Well, that was fun! The GOP's attempt to reform healthcare hit a brick wall of politics. Conservative Republicans wanted to completely "repeal" Obamacare, while moderates and leaders were willing to keep much of it as long as it cost less. Moving one way or the other lost too many votes. Democrats refused to participate. So, the bill died.
The debate over healthcare reform is in full swing, with forces aligning on all sides. From our perch, House Speaker Paul Ryan's health care bill has some appeal.
Considering that the Federal Reserve raised short-term interest rates by a quarter point, today's Fed statement was surprisingly dovish.
If robots are supposed to take all our jobs, they're not very good at it. Nonfarm payrolls rose 235,000 in February, rising faster than even the computer models thought they would. This was the 84th month in a row of private sector job growth, the longest streak on record.
As Washington DC melts down, entrepreneurs keep moving, people keep working and spending; the economy keeps growing. The Federal Reserve keeps meeting and speaking, too, but now it appears they will actually act.
We think it was Art Laffer who said it best. Let's say the US invented a cure for cancer and China a cure for heart attacks. If China decided to ban the cure for cancer, should the US retaliate by banning the cure for heart attacks?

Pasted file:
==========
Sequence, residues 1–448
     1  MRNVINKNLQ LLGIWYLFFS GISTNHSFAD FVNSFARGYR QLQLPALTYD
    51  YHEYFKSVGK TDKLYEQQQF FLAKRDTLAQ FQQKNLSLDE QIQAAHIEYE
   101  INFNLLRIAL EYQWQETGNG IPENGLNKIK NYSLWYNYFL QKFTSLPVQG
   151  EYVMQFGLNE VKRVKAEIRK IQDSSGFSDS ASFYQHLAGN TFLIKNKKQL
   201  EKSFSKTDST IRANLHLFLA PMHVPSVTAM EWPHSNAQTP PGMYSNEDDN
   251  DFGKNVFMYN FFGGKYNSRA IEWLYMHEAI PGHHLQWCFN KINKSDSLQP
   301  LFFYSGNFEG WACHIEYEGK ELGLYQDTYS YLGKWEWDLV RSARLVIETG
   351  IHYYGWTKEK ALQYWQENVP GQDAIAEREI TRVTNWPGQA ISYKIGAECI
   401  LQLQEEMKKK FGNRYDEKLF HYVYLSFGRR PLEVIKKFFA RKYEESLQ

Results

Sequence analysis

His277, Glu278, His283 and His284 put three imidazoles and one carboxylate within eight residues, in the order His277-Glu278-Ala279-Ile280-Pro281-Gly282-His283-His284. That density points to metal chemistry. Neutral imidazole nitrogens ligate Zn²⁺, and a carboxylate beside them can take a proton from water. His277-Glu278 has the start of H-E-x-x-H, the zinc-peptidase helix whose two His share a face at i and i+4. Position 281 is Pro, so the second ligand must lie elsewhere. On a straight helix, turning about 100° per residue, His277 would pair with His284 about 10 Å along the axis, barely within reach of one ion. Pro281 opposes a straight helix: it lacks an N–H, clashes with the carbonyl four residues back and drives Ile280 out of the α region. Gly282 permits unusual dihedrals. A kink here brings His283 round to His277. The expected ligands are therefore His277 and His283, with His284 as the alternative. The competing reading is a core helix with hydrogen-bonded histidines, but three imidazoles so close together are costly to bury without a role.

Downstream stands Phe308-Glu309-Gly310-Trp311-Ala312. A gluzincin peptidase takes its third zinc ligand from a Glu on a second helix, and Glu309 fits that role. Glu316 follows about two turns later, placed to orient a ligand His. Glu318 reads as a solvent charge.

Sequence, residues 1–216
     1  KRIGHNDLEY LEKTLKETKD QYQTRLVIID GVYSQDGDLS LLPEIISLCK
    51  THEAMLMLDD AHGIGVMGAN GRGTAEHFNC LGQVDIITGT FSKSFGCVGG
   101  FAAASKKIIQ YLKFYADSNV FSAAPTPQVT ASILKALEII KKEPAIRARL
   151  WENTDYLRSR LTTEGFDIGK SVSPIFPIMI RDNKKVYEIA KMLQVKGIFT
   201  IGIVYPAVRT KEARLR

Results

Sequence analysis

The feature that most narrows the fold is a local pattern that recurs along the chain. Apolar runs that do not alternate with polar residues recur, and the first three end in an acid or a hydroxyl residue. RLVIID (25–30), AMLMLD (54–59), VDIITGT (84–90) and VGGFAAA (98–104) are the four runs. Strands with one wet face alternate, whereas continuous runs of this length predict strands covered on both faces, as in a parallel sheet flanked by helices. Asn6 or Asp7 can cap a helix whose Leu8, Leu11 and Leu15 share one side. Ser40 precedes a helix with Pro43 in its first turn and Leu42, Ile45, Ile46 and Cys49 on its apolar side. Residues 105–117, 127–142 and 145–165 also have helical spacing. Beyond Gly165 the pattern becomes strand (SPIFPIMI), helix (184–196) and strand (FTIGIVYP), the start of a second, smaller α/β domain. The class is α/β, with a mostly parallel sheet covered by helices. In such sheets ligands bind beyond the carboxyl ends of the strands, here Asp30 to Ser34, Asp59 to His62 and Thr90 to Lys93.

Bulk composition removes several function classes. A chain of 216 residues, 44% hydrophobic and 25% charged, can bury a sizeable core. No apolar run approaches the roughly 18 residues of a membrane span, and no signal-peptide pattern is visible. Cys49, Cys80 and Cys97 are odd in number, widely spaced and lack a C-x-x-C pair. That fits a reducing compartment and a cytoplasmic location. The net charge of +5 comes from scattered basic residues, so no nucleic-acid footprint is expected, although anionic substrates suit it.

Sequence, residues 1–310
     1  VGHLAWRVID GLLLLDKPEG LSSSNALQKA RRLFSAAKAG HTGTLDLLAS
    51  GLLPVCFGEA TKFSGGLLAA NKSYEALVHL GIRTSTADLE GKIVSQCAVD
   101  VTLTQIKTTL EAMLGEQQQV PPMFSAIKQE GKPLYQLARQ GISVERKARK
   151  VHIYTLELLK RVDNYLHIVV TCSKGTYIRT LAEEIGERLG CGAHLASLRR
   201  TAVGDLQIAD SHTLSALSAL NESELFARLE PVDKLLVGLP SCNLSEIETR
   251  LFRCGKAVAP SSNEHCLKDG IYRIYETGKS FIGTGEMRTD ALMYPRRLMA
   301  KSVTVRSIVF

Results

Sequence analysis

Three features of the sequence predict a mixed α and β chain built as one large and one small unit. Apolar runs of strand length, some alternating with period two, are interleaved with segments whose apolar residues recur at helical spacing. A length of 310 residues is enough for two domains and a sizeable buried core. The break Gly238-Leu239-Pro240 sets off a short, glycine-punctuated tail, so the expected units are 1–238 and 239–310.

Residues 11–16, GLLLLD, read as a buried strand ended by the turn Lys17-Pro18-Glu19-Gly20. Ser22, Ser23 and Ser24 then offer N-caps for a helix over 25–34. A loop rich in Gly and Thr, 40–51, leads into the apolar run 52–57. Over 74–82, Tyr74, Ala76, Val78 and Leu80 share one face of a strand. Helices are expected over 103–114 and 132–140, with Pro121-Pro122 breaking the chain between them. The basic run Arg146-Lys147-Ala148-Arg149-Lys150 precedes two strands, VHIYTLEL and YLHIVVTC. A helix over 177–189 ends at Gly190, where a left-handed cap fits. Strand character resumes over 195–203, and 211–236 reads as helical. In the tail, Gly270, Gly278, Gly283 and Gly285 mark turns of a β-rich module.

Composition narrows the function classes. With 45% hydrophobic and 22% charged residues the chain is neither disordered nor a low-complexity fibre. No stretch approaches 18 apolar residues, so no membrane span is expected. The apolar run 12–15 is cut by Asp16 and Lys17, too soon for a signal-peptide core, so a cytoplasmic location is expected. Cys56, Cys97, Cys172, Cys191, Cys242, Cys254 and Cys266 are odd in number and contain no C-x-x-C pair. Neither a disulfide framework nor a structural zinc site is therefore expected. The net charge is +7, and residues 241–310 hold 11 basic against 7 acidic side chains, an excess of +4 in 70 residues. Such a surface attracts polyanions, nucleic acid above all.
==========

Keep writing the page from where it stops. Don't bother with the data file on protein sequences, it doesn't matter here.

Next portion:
According to the futures market, there is a 38% chance the Federal Reserve raises rates when it meets in mid-March. If the Fed were to stand by what it has said the past several years, the odds should be much higher. But the market is used to the Fed finding reasons to put off justified rate hikes.
The biggest tax debate in Washington right now is not between Republicans and Democrats, but between Republicans and Republicans. Both sides of the debate seem to understand that the US tax code, particularly the fact that the US has the highest corporate tax rate of any industrialized country, is harming the competitiveness of US companies.
The US economy has grown at an average annual rate of only 2.1% since the recovery started in mid-2009, far slower than during the economic expansions of the 1980s and 1990s.
After hiking rates in December, the chances of another rate hike from today's meeting were close to nil. But where changes, mostly modest, were made to today's statement, they point to a more hawkish stance.